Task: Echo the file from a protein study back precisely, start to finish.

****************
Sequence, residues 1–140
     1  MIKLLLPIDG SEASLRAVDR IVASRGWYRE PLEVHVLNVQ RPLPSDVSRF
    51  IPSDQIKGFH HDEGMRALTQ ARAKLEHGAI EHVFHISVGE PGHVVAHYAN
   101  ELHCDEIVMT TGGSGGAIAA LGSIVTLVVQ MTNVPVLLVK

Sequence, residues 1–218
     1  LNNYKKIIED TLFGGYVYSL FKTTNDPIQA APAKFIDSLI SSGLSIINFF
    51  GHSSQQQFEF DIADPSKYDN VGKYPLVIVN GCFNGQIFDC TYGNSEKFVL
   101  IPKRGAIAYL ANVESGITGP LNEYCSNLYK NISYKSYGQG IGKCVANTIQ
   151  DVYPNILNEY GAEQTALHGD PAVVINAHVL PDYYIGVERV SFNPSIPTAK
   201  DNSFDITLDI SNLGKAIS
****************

Sequence, residues 1–140
     1  MIKLLLPIDG SEASLRAVDR IVASRGWYRE PLEVHVLNVQ RPLPSDVSRF
    51  IPSDQIKGFH HDEGMRALTQ ARAKLEHGAI EHVFHISVGE PGHVVAHYAN
   101  ELHCDEIVMT TGGSGGAIAA LGSIVTLVVQ MTNVPVLLVK

Sequence, residues 1–218
     1  LNNYKKIIED TLFGGYVYSL FKTTNDPIQA APAKFIDSLI SSGLSIINFF
    51  GHSSQQQFEF DIADPSKYDN VGKYPLVIVN GCFNGQIFDC TYGNSEKFVL
   101  IPKRGAIAYL ANVESGITGP LNEYCSNLYK NISYKSYGQG IGKCVANTIQ
   151  DVYPNILNEY GAEQTALHGD PAVVINAHVL PDYYIGVERV SFNPSIPTAK
   201  DNSFDITLDI SNLGKAIS